It took a major strike by dock workers in 1896 to renew the drive to action and win real reforms. The strike involved more than 16,000 port workers and lasted for nearly three months. Despite Social Democratic efforts to bring it to an end and its eventual defeat, the strike aroused enormous sympathy and led to real improvements in the living conditions of Hamburg’s poorest workers. The actions of mostly unorganised casual labourers had achieved what none of the organised political forces had been able to.
Nevertheless, as Evans points out, the transformation that the epidemic brought in the city’s official politics was reflected in the fact that all the city’s Reichstag seats were won by the Social Democrats in the 1893 national elections, and “they made such gains in local elections that in 1906 the city’s ruling Senate changed the voting qualifications to reduce the chances of a Social Democratic takeover”. Prior to this the party had enjoyed no official representation at all.
“The great cities of the industrial age”, Evans notes in his conclusion, “are so advanced in the complexity and fragility of their existence that even relatively small-scale disasters can plunge them into a state of chaos and helplessness”. Indeed, Hamburg was an advanced city that took pride in its independence and was widely considered modern and civilised. It was run by upstanding captains of industry who considered themselves superior to most. Yet thousands died when cholera arrived in 1892, not because the disease could not be prevented, but because the commercial interests that dominated the city administration resisted the disruption to business and trade that was required to prevent it.
This tragedy is playing out again, 130 years later. In societies much better placed to avoid such human suffering, hundreds of thousands are needlessly suffering and dying. In 1892, those responsible paid a high political price. Let’s hope they do again.
“Attention, MOVE. This is America. You have to abide by the laws of the United States.” This was the ultimatum given through a Philadelphia police megaphone to a group of Black activists trapped in their home in the early morning of 13 May 1985. The house on Osage Avenue in West Philadelphia was surrounded by hundreds of police. Thirteen MOVE members, including five children, were inside.
Amjad Ayman Yaghi, a journalist based in Gaza, in a moving piece first published at the Electronic Intifada, pays tribute to his grandfather and commemorates ‘the catastrophe’ of 1948.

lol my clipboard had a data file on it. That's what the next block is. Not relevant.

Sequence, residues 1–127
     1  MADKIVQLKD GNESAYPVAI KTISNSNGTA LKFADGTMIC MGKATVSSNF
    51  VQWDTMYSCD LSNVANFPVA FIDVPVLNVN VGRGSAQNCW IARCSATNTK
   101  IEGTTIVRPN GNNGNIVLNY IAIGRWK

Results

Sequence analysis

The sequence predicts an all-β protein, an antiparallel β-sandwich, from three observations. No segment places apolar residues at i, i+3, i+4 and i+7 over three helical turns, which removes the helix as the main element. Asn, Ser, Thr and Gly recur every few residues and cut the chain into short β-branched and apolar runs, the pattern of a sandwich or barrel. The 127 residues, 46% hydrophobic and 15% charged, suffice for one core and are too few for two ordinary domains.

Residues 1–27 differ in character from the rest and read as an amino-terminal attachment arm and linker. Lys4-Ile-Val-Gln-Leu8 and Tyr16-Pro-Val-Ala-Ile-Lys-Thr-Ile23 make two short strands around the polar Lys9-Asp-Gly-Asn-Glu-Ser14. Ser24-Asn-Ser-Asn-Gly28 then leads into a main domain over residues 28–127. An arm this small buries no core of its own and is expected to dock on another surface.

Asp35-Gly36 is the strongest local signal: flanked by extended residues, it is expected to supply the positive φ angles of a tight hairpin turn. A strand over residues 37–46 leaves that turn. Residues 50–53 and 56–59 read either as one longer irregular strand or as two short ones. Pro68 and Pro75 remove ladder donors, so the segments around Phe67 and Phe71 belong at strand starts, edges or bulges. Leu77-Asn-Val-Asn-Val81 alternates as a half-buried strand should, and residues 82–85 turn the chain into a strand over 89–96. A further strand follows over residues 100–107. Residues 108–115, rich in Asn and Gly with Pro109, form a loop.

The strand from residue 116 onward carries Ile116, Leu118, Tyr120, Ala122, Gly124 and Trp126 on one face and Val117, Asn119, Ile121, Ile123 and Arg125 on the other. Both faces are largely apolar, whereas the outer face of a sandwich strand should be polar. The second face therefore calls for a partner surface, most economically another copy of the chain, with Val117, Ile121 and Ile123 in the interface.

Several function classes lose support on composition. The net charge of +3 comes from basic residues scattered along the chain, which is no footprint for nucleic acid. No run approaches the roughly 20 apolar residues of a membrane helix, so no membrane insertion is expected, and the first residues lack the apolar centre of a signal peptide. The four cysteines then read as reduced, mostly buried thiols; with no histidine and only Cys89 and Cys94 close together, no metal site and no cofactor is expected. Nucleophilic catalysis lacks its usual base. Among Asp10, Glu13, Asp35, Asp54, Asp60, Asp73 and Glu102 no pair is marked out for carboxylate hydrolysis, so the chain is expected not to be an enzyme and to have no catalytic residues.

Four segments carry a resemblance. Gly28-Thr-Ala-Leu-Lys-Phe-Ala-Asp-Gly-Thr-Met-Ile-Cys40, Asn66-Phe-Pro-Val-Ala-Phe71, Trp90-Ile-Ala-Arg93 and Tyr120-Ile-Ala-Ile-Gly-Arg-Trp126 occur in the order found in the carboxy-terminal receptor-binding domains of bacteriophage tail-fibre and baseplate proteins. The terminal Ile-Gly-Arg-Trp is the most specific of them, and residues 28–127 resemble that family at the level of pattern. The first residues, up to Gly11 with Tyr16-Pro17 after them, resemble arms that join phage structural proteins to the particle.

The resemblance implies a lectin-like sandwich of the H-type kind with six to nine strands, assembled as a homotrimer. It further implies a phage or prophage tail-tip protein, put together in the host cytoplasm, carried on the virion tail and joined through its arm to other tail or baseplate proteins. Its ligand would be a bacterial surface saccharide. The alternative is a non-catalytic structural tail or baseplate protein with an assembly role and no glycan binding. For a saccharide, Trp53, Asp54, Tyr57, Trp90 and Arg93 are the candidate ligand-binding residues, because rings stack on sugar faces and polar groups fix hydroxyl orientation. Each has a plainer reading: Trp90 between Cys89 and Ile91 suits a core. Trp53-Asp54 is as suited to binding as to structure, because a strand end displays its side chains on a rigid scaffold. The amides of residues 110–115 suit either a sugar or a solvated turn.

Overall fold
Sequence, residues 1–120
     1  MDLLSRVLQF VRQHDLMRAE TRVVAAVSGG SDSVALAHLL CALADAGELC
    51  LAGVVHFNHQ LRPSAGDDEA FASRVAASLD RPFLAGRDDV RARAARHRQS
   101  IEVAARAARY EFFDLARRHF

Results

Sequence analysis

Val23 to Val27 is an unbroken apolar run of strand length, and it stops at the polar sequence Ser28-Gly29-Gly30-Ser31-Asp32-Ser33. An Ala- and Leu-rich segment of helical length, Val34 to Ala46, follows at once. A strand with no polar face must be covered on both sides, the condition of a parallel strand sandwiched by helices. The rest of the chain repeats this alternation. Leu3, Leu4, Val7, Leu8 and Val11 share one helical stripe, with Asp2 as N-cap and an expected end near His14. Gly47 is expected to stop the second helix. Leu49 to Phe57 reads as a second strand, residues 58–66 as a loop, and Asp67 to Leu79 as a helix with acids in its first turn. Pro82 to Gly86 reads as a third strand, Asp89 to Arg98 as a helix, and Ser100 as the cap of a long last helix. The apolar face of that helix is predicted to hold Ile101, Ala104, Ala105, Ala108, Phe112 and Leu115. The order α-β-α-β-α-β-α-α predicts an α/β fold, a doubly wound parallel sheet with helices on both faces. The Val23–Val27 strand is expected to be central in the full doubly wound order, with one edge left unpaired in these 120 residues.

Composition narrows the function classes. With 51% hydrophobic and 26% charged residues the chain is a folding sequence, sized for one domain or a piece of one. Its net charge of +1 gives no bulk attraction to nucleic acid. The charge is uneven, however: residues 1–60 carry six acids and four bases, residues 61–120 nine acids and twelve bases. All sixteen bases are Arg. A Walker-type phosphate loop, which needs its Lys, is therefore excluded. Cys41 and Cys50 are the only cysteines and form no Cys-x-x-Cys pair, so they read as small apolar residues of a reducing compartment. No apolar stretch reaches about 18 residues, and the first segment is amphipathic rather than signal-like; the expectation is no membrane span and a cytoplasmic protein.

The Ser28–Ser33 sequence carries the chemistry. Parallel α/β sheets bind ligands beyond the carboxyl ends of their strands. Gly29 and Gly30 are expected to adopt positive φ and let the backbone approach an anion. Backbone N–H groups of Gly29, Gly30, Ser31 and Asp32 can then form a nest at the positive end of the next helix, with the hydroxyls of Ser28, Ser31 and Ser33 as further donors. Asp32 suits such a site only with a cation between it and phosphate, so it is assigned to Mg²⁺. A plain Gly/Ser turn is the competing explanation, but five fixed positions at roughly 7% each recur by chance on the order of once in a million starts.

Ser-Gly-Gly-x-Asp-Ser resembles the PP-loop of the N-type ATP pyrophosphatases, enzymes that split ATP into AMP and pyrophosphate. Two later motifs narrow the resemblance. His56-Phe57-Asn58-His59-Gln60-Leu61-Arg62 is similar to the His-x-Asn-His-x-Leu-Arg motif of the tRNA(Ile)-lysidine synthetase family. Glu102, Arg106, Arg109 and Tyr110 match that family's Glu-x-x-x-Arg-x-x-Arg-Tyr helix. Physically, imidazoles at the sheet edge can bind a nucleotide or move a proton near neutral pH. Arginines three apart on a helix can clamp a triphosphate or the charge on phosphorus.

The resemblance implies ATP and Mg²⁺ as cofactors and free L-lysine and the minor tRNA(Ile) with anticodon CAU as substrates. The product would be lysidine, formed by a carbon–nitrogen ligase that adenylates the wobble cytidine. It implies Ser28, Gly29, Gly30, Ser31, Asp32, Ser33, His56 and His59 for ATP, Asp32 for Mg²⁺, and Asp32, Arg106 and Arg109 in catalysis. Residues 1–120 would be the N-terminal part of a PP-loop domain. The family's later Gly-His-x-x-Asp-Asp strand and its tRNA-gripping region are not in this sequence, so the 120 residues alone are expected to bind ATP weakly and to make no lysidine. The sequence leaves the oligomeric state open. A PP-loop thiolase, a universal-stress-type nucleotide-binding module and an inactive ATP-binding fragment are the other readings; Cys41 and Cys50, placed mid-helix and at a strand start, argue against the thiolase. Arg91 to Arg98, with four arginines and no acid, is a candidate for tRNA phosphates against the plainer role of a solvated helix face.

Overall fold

In 1915, Rosa Luxemburg wrote The Crisis of Social Democracy while in jail for her anti-war activism. In it, she criticised the leaders of the German Social Democratic Party (SPD) for betraying working-class internationalism with their support for the First World War. The pamphlet was smuggled out in April that year and published a year later. Distributed illegally under the pseudonym Junius, it’s commonly known as the Junius pamphlet.
From early in her political career, Rosa Luxemburg was concerned with the struggle against imperialism and war. Her analysis and the tactics she advocated weren’t all correct, but she was always on the side of the working class and its independent organisation, and of the oppressed. That was true in her approach to the “national question”, her responses to wars and her theory of imperialism.
“You know, I hope nevertheless to die at my post, in a street-battle or in a hard-labour prison”, wrote Rosa Luxemburg to a comrade in 1917. This was not rhetorical flourish or hyperbole: Luxemburg gave everything she had to the fight for socialism. Including, in the end, her life.
The carnage of World War I was ended by revolution in Germany. It began in November 1918 with a mutiny of sailors in Kiel. The revolt spread like lightning among Germany’s war-weary and increasingly rebellious workers. All over the country, workers’ and soldiers’ councils were elected and held effective power. Within a matter of days, the monarchy collapsed.